ANAHEIM, Calif. – The Los Angeles Angels had scored only one run over the last 30 innings on their 1-6 road trip. Once they got back home, they started knocking around former Oakland nemesis Tim Hudson.
Ervin Santana pitched a four-hitter for his sixth career shutout and the Angels welcomed Hudson back to the Big A for the first time in almost seven years with a six-run third inning that carried them to a 9-0 rout of the Atlanta Braves on Friday night.
"We needed it. We've been struggling, but tonight we put everything together," Santana said. "We just have to keep doing our job and stay positive. When the run support is like that, you have to feel comfortable."
In the first interleague game of the season for both teams, Santana (2-4) went the distance for the 10th time in 180 career starts. He struck out seven, and walked none for the first time in 10 starts this season.
"They were swinging at everything," Santana said. "So I just said to myself, 'Just keep the ball down and throw strikes.' To me, the difference was concentration. I was completely calm. I just saw the glove and tried to put it right there."
Only four players on the Braves' roster had faced Santana before — Chipper Jones, Brian McCann, Eric Hinske and Alex Gonzalez, who were a combined 2 for 13 — including two singles by Hinske.
"Let's not take any credit away from Santana. He was pretty good. In fact, he was better than good — real good," Braves manager Fredi Gonzalez said. "We had a couple of guys who had seen him before, and we had enough reports and film. So that shouldn't have been a problem."
Santana got offensive help from Mark Trumbo with a three-run homer and Alberto Callaspo with three RBIs. The run total matched the Angels' entire output in their previous five games combined. In four of Santana's previous six starts, his teammates didn't score while he was in the game.
"It's awesome," Trumbo said. "The starting pitchers have been doing more than their share of the job, and we need to start picking it up and taking a little of the pressure off their backs."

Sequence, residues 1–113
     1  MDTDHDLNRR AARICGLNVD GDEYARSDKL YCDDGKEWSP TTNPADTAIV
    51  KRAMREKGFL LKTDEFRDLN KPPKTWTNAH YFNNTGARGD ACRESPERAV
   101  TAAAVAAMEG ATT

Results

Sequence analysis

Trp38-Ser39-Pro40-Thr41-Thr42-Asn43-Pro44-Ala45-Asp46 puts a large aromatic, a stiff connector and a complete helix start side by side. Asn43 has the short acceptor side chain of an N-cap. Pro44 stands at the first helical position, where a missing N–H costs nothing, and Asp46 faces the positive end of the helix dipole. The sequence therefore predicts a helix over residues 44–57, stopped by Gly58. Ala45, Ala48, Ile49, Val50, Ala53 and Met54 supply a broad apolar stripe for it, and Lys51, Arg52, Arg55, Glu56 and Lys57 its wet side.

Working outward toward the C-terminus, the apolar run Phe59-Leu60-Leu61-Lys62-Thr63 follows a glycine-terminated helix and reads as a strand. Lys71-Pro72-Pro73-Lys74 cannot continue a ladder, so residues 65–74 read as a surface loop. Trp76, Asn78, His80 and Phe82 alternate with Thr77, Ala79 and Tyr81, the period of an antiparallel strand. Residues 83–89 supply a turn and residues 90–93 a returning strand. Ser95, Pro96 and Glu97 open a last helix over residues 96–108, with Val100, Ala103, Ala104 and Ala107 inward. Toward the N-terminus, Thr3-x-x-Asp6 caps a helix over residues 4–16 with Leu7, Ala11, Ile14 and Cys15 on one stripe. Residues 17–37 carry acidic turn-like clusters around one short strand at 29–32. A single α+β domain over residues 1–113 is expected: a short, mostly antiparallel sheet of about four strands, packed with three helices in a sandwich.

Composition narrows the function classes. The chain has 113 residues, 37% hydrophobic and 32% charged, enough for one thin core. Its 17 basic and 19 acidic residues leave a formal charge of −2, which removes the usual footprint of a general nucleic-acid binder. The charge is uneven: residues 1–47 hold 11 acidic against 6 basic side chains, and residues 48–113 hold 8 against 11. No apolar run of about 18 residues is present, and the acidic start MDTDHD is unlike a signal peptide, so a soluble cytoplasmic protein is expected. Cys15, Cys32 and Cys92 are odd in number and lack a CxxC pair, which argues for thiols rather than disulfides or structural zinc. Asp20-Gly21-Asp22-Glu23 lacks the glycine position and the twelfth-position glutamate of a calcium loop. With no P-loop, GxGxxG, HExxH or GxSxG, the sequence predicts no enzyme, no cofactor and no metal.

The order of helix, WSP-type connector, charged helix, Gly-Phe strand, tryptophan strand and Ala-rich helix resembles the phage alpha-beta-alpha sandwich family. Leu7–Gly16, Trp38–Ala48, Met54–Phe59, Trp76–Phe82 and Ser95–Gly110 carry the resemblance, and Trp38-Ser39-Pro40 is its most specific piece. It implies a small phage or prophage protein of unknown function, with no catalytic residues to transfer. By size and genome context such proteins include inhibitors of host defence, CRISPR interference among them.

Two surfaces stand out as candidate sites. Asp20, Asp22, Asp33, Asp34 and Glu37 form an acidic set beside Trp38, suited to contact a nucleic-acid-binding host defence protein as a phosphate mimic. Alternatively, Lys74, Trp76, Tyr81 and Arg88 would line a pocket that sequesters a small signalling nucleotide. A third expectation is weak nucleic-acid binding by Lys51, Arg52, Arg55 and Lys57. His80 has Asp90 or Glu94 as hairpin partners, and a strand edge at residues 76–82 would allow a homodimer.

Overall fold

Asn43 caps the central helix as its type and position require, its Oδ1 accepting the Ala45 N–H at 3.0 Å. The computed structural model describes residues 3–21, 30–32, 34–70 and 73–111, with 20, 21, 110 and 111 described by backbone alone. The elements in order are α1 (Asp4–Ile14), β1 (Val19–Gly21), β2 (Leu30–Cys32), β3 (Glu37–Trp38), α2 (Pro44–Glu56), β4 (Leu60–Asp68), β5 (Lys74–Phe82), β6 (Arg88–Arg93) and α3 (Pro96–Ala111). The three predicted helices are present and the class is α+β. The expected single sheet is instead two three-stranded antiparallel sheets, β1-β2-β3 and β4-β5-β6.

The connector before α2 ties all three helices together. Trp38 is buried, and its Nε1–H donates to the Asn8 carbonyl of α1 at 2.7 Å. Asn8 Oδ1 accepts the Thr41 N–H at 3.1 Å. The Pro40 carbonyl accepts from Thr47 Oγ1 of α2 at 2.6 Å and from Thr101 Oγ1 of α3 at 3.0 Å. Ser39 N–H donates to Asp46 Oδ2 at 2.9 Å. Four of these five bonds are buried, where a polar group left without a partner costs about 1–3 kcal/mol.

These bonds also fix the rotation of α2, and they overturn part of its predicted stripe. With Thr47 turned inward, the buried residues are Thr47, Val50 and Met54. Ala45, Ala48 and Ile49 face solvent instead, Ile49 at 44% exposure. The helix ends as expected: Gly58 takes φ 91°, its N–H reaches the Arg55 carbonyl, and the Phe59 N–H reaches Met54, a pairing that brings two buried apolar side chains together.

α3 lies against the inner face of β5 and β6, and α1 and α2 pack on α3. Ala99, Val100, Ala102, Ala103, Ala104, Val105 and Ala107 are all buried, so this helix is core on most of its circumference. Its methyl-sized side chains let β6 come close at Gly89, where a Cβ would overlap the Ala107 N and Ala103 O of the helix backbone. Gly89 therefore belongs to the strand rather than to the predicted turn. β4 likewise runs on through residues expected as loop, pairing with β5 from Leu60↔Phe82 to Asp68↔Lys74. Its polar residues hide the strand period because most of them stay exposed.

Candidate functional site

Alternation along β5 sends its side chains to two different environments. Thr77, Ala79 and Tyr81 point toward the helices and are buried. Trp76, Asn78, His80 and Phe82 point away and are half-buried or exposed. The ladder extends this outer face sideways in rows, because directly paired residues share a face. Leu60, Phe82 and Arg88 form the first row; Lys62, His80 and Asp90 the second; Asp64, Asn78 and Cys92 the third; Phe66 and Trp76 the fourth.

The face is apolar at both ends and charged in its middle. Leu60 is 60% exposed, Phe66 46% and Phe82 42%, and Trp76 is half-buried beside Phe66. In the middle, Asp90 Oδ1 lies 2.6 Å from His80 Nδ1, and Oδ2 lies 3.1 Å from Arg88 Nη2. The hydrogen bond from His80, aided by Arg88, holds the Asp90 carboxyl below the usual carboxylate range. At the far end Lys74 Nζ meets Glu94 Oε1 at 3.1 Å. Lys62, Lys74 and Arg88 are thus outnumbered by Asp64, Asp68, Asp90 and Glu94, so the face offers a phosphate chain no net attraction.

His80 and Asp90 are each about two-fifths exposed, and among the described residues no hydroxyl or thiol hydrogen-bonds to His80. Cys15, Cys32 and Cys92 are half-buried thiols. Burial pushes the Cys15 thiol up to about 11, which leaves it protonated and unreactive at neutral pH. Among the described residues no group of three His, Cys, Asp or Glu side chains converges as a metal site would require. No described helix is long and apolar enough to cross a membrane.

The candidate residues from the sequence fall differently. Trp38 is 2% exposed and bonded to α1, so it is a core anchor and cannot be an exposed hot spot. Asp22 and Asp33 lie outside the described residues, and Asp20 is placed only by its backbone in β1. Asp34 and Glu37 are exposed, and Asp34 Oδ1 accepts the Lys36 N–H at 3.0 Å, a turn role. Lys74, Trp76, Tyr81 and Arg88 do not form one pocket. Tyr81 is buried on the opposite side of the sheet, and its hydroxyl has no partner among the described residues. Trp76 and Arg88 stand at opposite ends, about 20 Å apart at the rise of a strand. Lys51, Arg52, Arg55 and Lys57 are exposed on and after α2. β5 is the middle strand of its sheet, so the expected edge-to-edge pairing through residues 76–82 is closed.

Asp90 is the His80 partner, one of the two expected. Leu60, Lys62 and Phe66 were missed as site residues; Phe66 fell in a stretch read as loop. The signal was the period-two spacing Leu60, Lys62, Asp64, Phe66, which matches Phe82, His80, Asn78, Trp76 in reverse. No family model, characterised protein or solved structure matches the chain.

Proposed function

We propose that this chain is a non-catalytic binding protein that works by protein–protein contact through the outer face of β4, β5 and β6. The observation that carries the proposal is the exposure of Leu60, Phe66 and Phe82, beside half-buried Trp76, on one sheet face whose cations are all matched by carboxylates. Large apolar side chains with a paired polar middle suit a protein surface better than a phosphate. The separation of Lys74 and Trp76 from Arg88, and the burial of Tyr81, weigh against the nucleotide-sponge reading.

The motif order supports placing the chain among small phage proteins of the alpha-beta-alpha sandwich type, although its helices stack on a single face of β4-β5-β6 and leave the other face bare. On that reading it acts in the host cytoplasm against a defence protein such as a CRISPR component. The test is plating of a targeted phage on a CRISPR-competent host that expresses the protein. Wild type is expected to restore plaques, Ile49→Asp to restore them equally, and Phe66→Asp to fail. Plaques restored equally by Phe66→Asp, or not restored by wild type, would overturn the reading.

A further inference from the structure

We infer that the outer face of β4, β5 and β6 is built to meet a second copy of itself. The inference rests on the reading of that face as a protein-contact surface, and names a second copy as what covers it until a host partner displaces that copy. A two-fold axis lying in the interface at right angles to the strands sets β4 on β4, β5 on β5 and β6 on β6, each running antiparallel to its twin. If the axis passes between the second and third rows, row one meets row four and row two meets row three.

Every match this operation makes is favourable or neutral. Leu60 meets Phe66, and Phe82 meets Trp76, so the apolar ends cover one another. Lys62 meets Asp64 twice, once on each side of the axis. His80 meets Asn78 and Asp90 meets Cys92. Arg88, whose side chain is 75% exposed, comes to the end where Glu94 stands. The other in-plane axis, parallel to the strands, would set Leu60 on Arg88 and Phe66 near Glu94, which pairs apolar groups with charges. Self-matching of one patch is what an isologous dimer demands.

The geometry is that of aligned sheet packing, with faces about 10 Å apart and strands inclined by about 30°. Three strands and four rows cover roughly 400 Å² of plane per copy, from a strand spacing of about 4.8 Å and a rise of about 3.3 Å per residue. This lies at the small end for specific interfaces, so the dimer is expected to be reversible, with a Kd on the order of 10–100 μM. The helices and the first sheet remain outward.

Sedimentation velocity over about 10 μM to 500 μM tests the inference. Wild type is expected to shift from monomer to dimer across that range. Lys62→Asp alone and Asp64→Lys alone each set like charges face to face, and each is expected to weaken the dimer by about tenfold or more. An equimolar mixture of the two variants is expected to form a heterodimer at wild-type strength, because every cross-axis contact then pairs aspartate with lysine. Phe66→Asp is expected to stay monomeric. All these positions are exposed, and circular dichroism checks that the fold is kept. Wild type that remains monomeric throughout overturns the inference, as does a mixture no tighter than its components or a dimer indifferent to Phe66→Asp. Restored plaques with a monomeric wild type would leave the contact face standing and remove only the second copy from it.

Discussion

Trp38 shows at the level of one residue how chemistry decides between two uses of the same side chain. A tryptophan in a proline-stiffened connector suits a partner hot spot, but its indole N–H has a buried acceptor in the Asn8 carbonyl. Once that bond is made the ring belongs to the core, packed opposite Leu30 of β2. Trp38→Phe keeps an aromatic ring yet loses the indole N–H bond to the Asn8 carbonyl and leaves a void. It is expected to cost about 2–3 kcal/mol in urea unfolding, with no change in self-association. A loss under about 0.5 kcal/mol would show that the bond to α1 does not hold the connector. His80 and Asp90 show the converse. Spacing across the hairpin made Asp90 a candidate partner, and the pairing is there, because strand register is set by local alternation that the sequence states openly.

Hudson (4-4) threw 77 pitches over 3 2-3 innings, allowing eight runs, seven hits and three walks. The 13-year veteran, facing the Angels for the first time since an 8-4 interleague loss in Atlanta on June 8, 2005, also hit three batters — one more than he plunked in 62 1-3 innings during his nine previous starts this season.
It was the third time in 354 starts that the three-time All-Star hit three batters in a game. He also did it April 21, 2004, at Seattle in a 7-4 victory with Oakland, and June 11 of that season in a 6-1 interleague win against Pittsburgh.
Hudson made his first start at Angel Stadium since June 22, 2004, with the Athletics, when he lost 6-1. He came in 13-6 with a 3.49 ERA in 24 career starts against the Angels.
"It was an uphill battle from the start. I wasn't making pitches and it just wasn't a good night," Hudson said. "I guess I'm just not very good in the American League anymore, apparently."
Peter Bourjos, the Angels' No. 9 hitter, triggered the team's most productive inning of the season with a leadoff double that ended an 0-for-23 drought. Bobby Abreu had an RBI double, Torii Hunter singled home another run and Abreu scored on Hank Conger's groundout. Trumbo capped the rally with his seventh homer, which landed behind the double-decker bullpen in left field.
"The plan was to get the ball up, because he's obviously got a really good sinker," Trumbo said. "But more than anything, it was about being determined. It's time for us to go out there and play like we're capable of. And if we're going down, we're going down swinging. There's no more tentative baseball. We've had flashes of the way we can play, so we're going to come out and play hard and see what happens."
Hudson opened the fourth by hitting his first two batters — Bourjos on an 0-1 pitch and Maicer Izturis on a full count. Both advanced on Erick Aybar's bunt, and Fredi Gonzalez went to the mound with assistant trainer Jim Lovell to check on Hudson, whose back had stiffened up. The right-hander then walked Abreu and struck out Hunter before Callaspo chased him with a two-run single that made it 8-0.
"I've never been one to make excuses and I'm not going to make excuses now," Hudson said. "I don't think it's something I can't deal with. I felt better (on the mound) than I did when I was backing up third base. But it definitely wasn't one of my better nights, that's for sure."
Callaspo came up with the bases loaded again in the sixth against Cristhian Martinez and drove in the Angels' final run with a groundout.
NOTES: With the Braves able to use a DH in an American League ballpark, Jones filled that role and was 0 for 3 without hitting a ball out of the infield. LF Martin Prado started at 3B in Jones' place for the sixth time this season. ... Scot Shields, the rubber-armed setup man for the Angels' bullpen and a member of the 2002 World Series championship club, threw out a ceremonial first pitch. He announced his retirement on March 18 at age 35 after 10 big league seasons, all with the Angels. A knee injury limited him to 63 appearances over the last two seasons.